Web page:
Governments and major corporations worldwide are scrambling to see if they, too, were victims of a global cyberespionage campaign that penetrated multiple U.S. government agencies and involved a common software product used by thousands of organizations.
Russia, the prime suspect, denies involvement. Cybersecurity investigators said the hack’s impact goes beyond the affected U.S. agencies, which include the Treasury and Commerce departments, though they haven’t disclosed which companies or what other governments were targeted.
The hack began as early as March when malware was snuck into updates to popular software that monitors businesses and government computer networks. The malware, affecting a product made by U.S. company SolarWinds, gave the attacker remote access into an organization’s networks so it could steal information. It wasn’t discovered until the prominent cybersecurity company FireEye learned it was hacked. Whoever broke into FireEye was seeking data on its government clients, the company said — and made off with hacking tools it uses to probe its customers’ defenses.
“There’s no evidence that this was meant to be destructive,” said Ben Buchanan, Georgetown University cyberespionage expert and author of “The Hacker and The State.” He called the campaign’s scope, “impressive, surprising and alarming.”
Its apparent monthslong timeline gave the hackers ample time to extract information from a lot of different targets. Buchanan said the impact is likely to be significant and compared its magnitude to the 2015 Chinese hack of the U.S. Office of Personnel Management, in which the records of 22 million federal employees and government job applicants were stolen.
WHAT IS SOLARWINDS?
SolarWinds, of Austin, Texas, provides network-monitoring and other technical services to hundreds of thousands of organizations around the world, including most Fortune 500 companies and government agencies in North America, Europe, Asia and the Middle East.
Its compromised product, called Orion, accounts for nearly half SolarWinds’ annual revenue. The company’s revenue totaled $753.9 million over the first nine months of this year. Its centralized monitoring looks for problems in an organization’s computer networks, which means that breaking into it could give an attacker a “God-view” of those networks.
SolarWinds said in a financial filing Monday that it sent an advisory to about 33,000 of its Orion customers that might have been affected, though it estimated a smaller number of customers — fewer than 18,000 — had actually installed the compromised product update earlier this year.
WAS MY WORKPLACE AFFECTED?
Neither SolarWinds nor U.S. cybersecurity authorities have publicly identified which organizations were breached. Just because a company or agency uses SolarWinds as a vendor doesn’t necessarily mean they were vulnerable to the hacking. The malware that opened remote-access backdoors was injected into SolarWinds’ Orion product updates released between March and June, but not every customer installed them.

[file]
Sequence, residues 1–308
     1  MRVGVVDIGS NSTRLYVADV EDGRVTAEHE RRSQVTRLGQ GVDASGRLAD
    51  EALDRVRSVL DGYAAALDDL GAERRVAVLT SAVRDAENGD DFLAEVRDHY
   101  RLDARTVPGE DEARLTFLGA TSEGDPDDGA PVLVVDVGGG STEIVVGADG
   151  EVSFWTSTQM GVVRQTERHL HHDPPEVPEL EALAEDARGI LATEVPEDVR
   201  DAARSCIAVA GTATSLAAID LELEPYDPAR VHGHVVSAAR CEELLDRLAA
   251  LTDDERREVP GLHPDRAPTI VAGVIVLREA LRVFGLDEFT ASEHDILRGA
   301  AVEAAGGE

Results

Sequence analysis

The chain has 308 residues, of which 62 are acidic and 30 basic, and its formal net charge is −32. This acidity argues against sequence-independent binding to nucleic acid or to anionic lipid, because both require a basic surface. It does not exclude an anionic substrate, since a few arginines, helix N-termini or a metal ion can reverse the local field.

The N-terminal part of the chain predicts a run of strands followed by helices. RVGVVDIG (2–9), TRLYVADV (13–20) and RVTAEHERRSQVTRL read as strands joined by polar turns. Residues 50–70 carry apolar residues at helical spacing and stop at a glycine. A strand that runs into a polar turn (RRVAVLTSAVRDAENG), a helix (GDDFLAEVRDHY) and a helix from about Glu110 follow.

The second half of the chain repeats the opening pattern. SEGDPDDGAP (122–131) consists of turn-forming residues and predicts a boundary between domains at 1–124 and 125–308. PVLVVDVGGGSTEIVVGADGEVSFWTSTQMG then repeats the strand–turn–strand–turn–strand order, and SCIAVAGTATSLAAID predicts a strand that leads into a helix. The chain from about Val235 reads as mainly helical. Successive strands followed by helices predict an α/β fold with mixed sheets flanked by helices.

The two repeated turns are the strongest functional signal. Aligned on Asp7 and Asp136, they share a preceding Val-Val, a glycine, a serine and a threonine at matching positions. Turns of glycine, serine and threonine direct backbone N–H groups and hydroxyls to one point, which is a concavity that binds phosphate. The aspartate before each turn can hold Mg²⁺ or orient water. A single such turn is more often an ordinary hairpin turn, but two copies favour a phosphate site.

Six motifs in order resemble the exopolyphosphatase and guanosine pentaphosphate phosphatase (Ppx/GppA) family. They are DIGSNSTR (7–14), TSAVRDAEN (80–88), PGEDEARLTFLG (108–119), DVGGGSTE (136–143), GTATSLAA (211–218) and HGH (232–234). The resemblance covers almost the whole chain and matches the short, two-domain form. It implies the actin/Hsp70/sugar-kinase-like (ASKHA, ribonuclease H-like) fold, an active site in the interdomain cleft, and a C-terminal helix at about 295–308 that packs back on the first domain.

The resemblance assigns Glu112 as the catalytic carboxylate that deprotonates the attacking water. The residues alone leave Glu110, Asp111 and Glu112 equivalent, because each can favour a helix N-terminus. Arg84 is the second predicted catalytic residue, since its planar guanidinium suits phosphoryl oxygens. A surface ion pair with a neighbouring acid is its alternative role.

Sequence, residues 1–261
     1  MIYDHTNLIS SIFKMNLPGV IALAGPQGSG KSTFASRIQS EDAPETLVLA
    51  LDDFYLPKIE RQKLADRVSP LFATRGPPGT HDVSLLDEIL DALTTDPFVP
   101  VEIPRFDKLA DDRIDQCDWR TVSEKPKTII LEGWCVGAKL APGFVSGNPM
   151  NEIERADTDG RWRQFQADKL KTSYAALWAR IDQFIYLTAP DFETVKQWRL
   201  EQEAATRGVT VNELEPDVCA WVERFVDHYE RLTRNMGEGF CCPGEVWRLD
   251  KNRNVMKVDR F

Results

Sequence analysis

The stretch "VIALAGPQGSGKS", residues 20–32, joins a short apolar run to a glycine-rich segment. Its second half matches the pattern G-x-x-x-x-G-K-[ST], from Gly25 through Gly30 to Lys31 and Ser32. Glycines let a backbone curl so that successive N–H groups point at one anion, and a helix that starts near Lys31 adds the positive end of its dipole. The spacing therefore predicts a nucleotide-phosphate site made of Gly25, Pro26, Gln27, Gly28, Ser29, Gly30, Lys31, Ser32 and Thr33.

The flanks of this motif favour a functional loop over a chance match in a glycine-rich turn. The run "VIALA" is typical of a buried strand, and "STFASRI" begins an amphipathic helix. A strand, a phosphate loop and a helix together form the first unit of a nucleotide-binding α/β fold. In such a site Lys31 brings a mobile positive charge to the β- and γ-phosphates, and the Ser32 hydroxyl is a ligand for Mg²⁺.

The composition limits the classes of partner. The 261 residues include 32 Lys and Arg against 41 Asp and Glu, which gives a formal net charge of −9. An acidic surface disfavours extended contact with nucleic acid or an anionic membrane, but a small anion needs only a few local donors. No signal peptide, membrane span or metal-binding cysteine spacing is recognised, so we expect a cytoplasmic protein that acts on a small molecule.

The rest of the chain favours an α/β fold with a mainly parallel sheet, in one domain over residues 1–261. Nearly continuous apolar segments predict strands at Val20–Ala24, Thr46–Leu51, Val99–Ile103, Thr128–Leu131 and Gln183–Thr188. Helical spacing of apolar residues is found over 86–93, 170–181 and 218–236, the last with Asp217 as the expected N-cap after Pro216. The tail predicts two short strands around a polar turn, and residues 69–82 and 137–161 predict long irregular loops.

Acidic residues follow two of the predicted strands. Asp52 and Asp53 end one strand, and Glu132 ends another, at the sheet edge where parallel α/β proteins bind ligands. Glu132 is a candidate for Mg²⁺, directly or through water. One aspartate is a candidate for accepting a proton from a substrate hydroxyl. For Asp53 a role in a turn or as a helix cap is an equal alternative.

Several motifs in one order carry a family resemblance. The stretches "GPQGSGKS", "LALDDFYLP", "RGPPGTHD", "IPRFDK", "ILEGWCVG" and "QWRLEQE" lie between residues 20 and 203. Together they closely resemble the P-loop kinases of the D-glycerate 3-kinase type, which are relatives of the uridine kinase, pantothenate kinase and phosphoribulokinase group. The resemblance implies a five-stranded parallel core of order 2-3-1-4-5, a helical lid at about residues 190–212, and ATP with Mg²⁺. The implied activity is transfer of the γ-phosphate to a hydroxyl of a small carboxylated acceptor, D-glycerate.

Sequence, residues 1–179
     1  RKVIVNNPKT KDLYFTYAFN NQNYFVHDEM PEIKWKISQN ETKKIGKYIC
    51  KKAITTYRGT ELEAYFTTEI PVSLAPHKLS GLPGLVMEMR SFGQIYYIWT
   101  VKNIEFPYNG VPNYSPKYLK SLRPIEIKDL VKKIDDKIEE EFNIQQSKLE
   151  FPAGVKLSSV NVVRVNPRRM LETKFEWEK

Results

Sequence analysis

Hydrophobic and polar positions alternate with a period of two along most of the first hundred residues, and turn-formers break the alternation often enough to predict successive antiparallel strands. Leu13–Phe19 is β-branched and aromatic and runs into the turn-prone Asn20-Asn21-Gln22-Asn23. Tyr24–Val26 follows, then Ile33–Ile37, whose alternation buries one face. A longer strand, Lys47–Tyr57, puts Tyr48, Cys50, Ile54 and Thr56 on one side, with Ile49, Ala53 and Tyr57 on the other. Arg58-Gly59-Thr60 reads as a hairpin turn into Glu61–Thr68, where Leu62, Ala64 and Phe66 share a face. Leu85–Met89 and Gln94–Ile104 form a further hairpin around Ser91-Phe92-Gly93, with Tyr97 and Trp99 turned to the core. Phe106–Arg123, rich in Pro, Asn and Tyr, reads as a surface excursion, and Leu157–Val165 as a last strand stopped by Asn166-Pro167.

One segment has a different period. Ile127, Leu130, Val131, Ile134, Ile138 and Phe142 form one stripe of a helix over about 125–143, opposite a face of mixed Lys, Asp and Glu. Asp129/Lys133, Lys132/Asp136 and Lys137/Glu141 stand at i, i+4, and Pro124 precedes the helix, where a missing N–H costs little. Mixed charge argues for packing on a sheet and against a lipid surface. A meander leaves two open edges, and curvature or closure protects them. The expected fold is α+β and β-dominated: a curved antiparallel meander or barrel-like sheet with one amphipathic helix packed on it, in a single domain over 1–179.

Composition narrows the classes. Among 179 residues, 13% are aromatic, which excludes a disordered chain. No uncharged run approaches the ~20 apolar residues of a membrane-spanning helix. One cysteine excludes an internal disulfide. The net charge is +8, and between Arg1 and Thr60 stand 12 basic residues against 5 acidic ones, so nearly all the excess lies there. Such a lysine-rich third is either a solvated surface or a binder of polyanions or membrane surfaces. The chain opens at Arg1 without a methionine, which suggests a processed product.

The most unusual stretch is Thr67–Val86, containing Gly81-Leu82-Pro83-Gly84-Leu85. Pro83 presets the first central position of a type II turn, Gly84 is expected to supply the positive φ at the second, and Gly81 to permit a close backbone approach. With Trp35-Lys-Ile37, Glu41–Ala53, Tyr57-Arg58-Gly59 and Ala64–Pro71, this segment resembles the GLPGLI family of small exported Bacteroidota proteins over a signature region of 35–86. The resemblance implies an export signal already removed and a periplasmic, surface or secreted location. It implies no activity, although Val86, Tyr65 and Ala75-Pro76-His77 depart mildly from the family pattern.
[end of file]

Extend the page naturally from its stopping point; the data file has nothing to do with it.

The hackers would have also had to want to target the organization.
The so-called supply-chain method used to distribute the malware via SolarWinds’ software recalled the technique Russian military hackers used in 2016 to infect companies that do business in Ukraine with the hard drive-wiping NotPetya virus — the most damaging cyberattack to date. In that case, the hackers inserted a self-propagating worm into a tax preparation software company’s updates to infect its customers. In this case, any actual infiltration of an infected organization required “meticulous planning and manual interaction,” according to FireEye.
WHO IS RESPONSIBLE?
SolarWinds said it was advised that an “outside nation state” infiltrated its systems with malware. Neither the U.S. government nor the affected companies have publicly said which nation state they think is responsible. Russia, the prime suspect according to many security experts, said Monday it had “nothing to do with” the hacking.
“Once again, I can reject these accusations,” Kremlin spokesman Dmitry Peskov told reporters. “If for many months the Americans couldn’t do anything about it, then, probably, one shouldn’t unfoundedly blame the Russians for everything.”
Buchanan, the Georgetown expert, said the “operational tradecraft” — how the hack was carried out — seems extremely good. The hackers were “experienced and capable, adept at finding a systemic weakness and then exploiting it quietly for months.” That, cybersecurity experts say, makes the campaign consistent with elite state-backed Russian hackers.
Also supporting the consensus in the cyberthreat analysis community that Russians were behind the SolarWinds hack are the tactics, techniques and procedures used by the hackers, which bear their digital fingerprints, said Brandon Valeriano, a Marine Corps University technology scholar.
WHAT CAN BE DONE TO PREVENT AND COUNTERACT SUCH HACKS?
Espionage is as old as humanity and intelligence-gathering does not violate international law — and effective cyber defense is very difficult. But retaliation against governments responsible for egregious cyberespionage happens. Diplomats can be expelled. Sanctions can be imposed. The Obama administration expelled Russian diplomats in retaliation for the meddling of Kremlin military hackers in Donald Trump’s favor in the 2016 election. Cybersecurity “has not been a presidential priority” during the Trump administration and the outgoing president has been unable or unwilling to hold Russia to account for aggressive action in cyberspace, said Chris Painter, who coordinated cyberpolicy in the State Department during the Obama administration.
“I think that contributes to Russia’s bravado,” he said. The incoming Biden national security team has indicated it will be less tolerant and is expected to restore the position of the White House cybersecurity coordinator eliminated by Trump.